Felt Stigma May Potentiate the Relationship Between Perceived Stress and Depressive Symptoms in Persons with Epilepsy

Abstract found on PubMed

Purpose: This study assessed the strengths of association among perceived stress, felt stigma, and depression in adults with epilepsy, and evaluated whether felt stigma altered the association between perceived stress and depression.

Methods: This multicenter, cross-sectional study included adults with epilepsy. Depression was assessed using the Beck Depression Inventory (BDI), and perceived stress was evaluated using the 10-item Perceived Stress Scale. Felt stigma was determined using the three-item Stigma Scale for Epilepsy, with individuals categorized as positive for felt stigma if they answered “yes” to at least one of these items. A hierarchical linear regression analysis and an analysis of covariance with interaction terms were performed.

Results: The 316 adults with epilepsy included 171 men and 145 women; of these, 109 (34.5%) reported felt stigma. A hierarchical linear regression analysis showed that perceived stress was the most important correlate of depressive symptoms, followed by felt stigma, being unemployed, recurrence of generalized or focal to bilateral tonic-clonic seizures, and being married. The model explained 54.0% of the variance of BDI scores. Significant interactions between felt stigma and perceived stress on BDI scores was identified in both crude and adjusted models (p < 0.05 each). Specifically, in an adjusted model, BDI scores were more strongly associated with perceived stress in persons with (p < 0.001, partial eta2 = 0.225) than without (p < 0.001, partial eta2 = 0.205) felt stigma.

Conclusions: Perceived stress was the most significant correlate of depressive symptoms in adults with epilepsy, followed by felt stigma. The interaction between perceived stress and felt stigma on depressive symptoms was significant. These findings may help in developing cognitive behavioral therapy for stigma and stress management in persons with epilepsy.

Impact of the COVID-19 Pandemic on People with Epilepsy: Findings From the US Arm of the COV-E Study

Abstract found on Wiley Online Library

Objectives: As part of the COVID-19 and Epilepsy (COV-E) global study, we aimed to understand the impact of COVID-19 on the medical care and well-being of people with epilepsy (PWE) in the United States, based on their perspectives and those of their caregivers.

Methods: Separate surveys designed for PWE and their caregivers were circulated from April 2020 to July 2021; modifications in March 2021 included a question about COVID-19 vaccination status.

Results: We received 788 responses, 71% from PWE (n = 559) and 29% (n=229) from caregivers of persons with epilepsy. A third (n = 308) of respondents reported a change in their health or in the health of the person they care for. Twenty-seven percent (n = 210) reported issues related to worsening mental health. Of respondents taking ASMs (n = 769), 10% (n=?78) reported difficulty taking medications on time, mostly due to stress causing forgetfulness. Less than half of respondents received counseling on mental health and stress. Less than half of the PWE reported having discussions with their healthcare providers about sleep, ASMs and potential side effects, while a larger proportion of caregivers (81%) reported having had discussions with their healthcare providers on the same topics. More PWE and caregivers reported that COVID-19 related measures caused adverse impact on their health in the post-vaccine period than during the pre-vaccine period, citing mental health issues as the primary reason.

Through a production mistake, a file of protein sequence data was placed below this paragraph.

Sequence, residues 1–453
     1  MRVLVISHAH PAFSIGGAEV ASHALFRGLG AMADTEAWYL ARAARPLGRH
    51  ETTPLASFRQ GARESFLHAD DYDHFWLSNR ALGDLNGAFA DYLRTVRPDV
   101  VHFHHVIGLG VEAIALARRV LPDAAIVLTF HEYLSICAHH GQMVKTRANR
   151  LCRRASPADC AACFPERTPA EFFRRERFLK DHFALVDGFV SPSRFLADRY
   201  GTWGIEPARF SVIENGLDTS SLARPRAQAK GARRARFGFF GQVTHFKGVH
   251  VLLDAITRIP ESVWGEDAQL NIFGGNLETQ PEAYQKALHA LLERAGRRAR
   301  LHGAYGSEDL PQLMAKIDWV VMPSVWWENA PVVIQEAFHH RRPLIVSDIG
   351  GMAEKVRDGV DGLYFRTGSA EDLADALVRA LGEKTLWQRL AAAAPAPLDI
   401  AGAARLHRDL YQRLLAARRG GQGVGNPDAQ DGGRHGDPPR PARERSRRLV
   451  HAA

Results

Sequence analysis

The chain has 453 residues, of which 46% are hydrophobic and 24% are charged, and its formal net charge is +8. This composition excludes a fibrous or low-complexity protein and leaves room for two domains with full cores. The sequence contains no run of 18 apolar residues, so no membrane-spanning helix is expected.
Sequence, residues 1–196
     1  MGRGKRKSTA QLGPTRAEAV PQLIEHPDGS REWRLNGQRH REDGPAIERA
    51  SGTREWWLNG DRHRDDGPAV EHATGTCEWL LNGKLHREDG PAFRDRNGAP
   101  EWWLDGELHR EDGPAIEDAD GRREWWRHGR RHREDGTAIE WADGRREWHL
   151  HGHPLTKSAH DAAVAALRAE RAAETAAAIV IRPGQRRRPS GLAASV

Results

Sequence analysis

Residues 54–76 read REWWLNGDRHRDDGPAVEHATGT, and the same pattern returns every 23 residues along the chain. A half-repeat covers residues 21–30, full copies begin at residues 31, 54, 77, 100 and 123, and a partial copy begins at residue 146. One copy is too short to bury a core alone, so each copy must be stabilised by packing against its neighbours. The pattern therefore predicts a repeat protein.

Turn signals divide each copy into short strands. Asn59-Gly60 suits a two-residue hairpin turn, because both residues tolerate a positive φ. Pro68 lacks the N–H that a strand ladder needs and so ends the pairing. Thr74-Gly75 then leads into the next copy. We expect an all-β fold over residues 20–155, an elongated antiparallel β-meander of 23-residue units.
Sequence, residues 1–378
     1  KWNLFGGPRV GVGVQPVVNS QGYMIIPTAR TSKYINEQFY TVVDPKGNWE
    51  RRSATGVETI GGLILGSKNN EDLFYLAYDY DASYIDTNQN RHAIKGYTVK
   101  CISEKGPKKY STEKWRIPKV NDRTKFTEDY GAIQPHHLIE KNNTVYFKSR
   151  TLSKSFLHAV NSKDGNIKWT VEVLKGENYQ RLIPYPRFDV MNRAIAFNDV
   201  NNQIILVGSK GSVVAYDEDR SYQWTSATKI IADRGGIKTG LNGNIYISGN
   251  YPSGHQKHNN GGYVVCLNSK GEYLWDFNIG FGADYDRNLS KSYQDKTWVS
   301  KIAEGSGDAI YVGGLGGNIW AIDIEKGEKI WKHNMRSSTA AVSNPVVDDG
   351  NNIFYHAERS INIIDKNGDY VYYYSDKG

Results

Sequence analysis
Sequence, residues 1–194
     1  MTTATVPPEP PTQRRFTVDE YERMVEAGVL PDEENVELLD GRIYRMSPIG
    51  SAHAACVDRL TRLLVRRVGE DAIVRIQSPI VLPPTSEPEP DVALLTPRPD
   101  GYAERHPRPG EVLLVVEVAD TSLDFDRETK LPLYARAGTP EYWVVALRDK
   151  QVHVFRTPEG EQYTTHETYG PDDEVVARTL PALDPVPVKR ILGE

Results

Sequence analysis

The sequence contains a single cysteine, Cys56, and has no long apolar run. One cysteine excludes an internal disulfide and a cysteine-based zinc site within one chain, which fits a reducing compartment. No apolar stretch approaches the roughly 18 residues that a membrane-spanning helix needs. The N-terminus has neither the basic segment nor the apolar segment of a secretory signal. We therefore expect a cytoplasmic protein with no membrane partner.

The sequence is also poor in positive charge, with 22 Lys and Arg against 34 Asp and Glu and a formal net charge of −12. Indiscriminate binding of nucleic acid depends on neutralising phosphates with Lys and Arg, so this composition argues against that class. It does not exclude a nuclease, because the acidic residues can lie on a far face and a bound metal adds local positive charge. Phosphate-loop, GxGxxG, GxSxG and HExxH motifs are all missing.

Significance: Our findings indicate that the impact of the COVID-19 pandemic in the US on people with epilepsy is multifaceted. Apart from the increased risk of poor COVID-19 outcomes, the pandemic has also had negative effects on mental health and self-management. Healthcare providers must be vigilant for increased emotional distress in PWE during the pandemic and consider the importance of effective counseling to diminish risks related to exacerbated treatment gaps.

Epilepsy Management During Difficult Times

Abstract found on John Libbey Eurotext

Major disruption in the delivery of healthcare services can occur in exceptional situations such as natural disasters, conflicts, periods of severe economic hardship, and epidemics. These disruptions typically affect to the greatest extent the most vulnerable segments of the population, including people with epilepsy. Inability to access healthcare services can lead to failure to undergo necessary diagnostic investigations, or to receive needed therapeutic interventions, including epilepsy surgery. Stress and other factors associated with the nature or the cause of the disruption can adversely affect seizure control status, or precipitate the occurrence of psychiatric disorders and other comorbid conditions. Failure to access antiseizure medications is a common occurrence in these situations and can result in loss of seizure control, withdrawal seizures, and status epilepticus. In this article, we provide examples of recent disruptions in healthcare and their implications for people with epilepsy. We discuss the consequences of natural disasters, conflicts, economic sanctions, and focus in greater detail on lessons learnt during the COVID-19 pandemic. We also discuss possible mitigation procedures, focusing in particular on the application of telemedicine to epilepsy care. Finally, we underline the need for governments, healthcare authorities, and international organizations to improve their preparedness to deal with exceptional situations that may arise in the future.

Seizures in Young Stroke Survivors Double Dementia Risk

Article published by Health Day

The onset of seizures in young stroke survivors is associated with more than a doubled risk for developing dementia, according to a study published July 26 in Neurology.